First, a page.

"Did they copy again?"
To be honest, I thought Chinese people made an iPhone look-alike again when I heard about the "Ophone," a smartphone platform announced by China Mobile Ltd, a Chinese mobile-phone carrier, in August 2009.
However, as I researched on the Ophone, I found that it is not just a copy of the iPhone but based on a solid strategy. Of course, it is the success of the iPhone that made China Mobile decide to develop the Ophone. But the company had the following thought.
"A mobile-phone carrier cannot turn out much profit by selling the iPhone because Apple Inc has the platform for selling applications. We should rather develop a smartphone like the iPhone and operate a Website to sell applications for it."
Therefore, China Mobile decided to revise Android, Google Inc's software platform for mobile devices, to support local standards such as those of mobile TV broadcasts in China and add a user interface similar to that of the iPhone to it. The company sells applications via its online store "Mobile Market."
China Mobile employed Android because it enables to develop a platform at low cost in a short period of time. In other words, it made a smartphone by using the merits of Android and the iPhone. The software for the Ophone was developed by BORQS, a China-based venture firm.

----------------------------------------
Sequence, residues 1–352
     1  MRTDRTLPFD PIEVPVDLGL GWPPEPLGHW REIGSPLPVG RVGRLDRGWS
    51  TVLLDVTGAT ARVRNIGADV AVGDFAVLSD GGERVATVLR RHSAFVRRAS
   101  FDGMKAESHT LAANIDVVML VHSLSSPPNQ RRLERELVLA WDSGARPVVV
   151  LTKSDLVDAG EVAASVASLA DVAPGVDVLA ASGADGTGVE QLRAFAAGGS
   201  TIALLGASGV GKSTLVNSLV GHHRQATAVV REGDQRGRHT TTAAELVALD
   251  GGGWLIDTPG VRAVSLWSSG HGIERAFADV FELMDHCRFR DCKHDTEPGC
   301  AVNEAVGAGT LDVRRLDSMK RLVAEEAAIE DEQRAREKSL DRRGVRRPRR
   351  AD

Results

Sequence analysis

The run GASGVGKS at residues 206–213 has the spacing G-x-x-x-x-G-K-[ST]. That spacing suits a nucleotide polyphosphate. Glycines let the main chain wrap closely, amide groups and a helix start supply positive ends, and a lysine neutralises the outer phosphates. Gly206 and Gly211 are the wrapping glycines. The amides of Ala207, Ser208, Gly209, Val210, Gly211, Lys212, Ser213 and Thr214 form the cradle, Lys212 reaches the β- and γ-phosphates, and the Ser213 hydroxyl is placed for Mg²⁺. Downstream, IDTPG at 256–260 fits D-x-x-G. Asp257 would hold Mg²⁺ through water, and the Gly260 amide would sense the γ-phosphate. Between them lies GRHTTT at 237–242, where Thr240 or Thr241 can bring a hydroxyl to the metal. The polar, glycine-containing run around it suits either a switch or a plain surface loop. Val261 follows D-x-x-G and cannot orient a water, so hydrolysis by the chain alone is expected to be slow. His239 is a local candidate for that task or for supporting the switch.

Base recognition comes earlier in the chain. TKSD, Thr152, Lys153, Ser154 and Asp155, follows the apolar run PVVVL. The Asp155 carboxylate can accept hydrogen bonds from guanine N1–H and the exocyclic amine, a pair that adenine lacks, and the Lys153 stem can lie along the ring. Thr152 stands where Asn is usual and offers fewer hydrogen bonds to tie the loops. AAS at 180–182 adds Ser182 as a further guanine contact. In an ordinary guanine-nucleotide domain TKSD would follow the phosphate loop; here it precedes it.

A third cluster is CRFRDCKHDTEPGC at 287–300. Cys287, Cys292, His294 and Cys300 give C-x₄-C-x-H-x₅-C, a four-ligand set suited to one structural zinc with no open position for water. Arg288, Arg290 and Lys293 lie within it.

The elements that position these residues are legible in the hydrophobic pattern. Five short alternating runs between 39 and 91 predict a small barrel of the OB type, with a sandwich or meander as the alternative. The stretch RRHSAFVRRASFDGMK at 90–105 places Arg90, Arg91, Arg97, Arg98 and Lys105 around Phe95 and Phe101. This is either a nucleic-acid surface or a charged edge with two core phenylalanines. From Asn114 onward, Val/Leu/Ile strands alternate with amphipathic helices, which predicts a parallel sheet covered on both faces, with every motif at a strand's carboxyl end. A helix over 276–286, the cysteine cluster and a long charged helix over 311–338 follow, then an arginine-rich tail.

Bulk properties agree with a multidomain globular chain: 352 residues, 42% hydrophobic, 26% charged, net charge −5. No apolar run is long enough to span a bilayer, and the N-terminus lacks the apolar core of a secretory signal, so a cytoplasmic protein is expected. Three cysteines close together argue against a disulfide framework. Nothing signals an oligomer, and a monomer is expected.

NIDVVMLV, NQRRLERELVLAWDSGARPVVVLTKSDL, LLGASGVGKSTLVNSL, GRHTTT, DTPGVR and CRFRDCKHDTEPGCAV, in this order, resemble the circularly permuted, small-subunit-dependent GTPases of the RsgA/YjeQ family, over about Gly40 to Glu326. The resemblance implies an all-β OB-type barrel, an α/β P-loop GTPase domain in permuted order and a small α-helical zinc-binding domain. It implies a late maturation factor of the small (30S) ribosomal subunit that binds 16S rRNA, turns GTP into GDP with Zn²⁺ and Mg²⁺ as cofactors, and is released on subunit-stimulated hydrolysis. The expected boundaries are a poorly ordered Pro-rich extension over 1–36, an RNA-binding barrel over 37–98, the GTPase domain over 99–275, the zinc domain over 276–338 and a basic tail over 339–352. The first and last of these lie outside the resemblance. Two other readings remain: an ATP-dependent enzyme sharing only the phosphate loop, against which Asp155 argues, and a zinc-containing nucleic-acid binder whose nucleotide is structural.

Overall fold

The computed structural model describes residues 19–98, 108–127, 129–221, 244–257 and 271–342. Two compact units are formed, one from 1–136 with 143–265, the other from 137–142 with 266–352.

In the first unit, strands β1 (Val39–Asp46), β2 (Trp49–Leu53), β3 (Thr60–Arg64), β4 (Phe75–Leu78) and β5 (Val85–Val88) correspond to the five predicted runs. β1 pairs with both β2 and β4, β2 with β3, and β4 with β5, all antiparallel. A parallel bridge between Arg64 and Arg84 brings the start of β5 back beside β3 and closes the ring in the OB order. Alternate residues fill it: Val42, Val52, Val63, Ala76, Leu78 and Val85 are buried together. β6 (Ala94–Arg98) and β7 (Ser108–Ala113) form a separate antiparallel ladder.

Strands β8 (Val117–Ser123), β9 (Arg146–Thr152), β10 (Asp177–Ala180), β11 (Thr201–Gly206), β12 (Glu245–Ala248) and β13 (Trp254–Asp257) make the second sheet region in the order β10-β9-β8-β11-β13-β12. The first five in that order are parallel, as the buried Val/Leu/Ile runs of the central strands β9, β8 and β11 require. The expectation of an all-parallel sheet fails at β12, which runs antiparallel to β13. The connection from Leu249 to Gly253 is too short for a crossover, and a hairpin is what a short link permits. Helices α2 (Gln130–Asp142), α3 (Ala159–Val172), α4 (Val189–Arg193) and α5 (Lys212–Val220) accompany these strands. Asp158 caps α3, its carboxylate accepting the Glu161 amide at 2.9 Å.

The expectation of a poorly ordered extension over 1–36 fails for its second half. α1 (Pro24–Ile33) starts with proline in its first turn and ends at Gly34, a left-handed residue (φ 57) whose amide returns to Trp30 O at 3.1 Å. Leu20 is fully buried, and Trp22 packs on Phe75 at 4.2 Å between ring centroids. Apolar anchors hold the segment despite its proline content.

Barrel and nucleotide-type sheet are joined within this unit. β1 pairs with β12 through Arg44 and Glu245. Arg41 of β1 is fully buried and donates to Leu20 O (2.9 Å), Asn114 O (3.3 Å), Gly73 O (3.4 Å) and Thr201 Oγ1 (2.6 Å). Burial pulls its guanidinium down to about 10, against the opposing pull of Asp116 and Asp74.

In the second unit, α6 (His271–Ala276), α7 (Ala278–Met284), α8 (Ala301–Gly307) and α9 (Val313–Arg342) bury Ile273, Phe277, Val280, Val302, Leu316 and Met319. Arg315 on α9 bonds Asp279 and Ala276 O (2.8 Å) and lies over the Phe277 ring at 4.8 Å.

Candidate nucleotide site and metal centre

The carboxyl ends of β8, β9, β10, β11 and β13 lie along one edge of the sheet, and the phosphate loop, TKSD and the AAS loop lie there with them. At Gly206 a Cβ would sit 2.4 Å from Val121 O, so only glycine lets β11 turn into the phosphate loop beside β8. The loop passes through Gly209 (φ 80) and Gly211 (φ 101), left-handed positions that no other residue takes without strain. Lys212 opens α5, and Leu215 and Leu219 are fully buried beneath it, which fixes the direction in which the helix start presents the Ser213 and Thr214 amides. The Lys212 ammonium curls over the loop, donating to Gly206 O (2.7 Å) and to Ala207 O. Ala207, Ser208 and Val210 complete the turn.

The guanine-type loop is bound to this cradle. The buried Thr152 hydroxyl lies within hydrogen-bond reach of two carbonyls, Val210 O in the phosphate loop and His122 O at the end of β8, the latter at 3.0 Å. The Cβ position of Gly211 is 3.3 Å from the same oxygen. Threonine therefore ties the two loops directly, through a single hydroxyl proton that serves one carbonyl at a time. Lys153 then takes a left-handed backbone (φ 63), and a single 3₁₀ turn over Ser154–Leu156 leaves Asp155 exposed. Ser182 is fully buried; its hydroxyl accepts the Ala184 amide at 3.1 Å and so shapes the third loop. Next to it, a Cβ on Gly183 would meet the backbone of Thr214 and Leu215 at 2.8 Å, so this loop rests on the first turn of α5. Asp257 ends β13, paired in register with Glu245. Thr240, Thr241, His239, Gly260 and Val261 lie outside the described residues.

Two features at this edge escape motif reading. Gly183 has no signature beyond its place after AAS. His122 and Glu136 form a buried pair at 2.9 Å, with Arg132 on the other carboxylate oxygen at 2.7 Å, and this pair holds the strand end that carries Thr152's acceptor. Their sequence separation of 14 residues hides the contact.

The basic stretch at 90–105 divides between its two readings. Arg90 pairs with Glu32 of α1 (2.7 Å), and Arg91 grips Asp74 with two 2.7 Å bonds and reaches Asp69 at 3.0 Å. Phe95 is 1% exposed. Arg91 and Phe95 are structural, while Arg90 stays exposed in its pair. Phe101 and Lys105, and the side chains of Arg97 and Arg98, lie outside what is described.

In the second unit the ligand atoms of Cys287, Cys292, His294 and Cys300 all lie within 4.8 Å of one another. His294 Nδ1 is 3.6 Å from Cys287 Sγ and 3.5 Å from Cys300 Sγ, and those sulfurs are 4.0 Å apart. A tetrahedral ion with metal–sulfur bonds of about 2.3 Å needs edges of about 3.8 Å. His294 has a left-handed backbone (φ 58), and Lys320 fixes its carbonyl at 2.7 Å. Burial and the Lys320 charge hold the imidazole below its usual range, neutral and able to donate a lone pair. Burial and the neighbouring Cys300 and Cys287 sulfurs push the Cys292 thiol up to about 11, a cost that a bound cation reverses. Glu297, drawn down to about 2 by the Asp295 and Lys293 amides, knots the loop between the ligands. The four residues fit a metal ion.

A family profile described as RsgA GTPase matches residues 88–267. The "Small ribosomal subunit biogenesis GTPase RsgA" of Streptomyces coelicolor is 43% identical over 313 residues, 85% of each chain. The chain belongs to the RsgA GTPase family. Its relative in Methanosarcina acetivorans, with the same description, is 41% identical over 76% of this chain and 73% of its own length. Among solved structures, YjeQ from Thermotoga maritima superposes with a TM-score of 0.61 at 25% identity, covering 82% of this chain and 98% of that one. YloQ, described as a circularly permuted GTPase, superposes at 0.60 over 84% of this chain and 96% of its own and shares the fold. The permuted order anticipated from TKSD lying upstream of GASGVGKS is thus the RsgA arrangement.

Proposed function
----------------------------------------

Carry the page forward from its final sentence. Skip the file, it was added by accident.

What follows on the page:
In China, seven Ophone-based smartphones will be released in 2009, and about 20 models will hit the Chinese market in 2010. China Mobile intends to call for the adoption of the platform by mobile phone manufacturers all around the world, promoting the commoditization of smartphones, and this movement is represented by Dell Inc's adoption of the Ophone.
Japanese handset makers have seemingly been developing Android-based smartphones for some time. But Takashi Nakahara, president of Cathay Tri-Tech Inc, which allies with BORQS, said, "They can develop smartphones much faster if they employ the Ophone platform, for which supply chains including parts makers and EMS companies have already been established."
I had the chagrin of hearing his remarks, but I also felt threatened. China Mobile is the mobile-phone carrier that has the largest number of subscribers in the world (500 million). And the number of potential buyers of the Ophone is expected to be 200 million at least.
Taking advantages of economy of scale and the speed in dealing with change, the Ophone might shake the global smartphone market with its penetrability.